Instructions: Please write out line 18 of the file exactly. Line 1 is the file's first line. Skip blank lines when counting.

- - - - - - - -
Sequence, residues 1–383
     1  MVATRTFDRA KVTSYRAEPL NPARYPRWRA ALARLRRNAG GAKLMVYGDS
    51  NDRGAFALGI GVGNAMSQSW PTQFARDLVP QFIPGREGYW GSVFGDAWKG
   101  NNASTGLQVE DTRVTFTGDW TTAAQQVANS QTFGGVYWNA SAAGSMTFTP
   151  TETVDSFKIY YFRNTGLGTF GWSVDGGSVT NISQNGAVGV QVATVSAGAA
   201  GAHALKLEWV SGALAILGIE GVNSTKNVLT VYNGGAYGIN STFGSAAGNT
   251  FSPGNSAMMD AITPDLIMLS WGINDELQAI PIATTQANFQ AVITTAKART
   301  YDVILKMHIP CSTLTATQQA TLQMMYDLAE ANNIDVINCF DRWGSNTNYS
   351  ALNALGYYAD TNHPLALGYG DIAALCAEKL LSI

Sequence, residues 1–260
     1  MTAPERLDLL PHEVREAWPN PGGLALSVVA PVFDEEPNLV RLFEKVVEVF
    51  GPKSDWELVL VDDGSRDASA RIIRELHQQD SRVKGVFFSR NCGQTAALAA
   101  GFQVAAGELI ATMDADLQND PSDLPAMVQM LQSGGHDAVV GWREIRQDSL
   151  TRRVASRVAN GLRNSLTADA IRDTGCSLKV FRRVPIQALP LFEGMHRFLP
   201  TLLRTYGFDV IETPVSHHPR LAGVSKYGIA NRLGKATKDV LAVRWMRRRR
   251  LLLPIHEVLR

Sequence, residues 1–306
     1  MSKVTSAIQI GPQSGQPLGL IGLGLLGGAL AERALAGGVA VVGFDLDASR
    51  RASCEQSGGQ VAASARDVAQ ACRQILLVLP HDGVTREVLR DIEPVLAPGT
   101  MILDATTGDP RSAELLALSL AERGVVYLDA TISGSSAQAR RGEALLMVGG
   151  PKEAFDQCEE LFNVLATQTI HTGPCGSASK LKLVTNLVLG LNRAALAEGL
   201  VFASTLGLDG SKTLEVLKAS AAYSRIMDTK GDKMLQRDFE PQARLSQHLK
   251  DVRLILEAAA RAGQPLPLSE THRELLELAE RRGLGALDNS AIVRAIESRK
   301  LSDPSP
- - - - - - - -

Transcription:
     1  MSKVTSAIQI GPQSGQPLGL IGLGLLGGAL AERALAGGVA VVGFDLDASR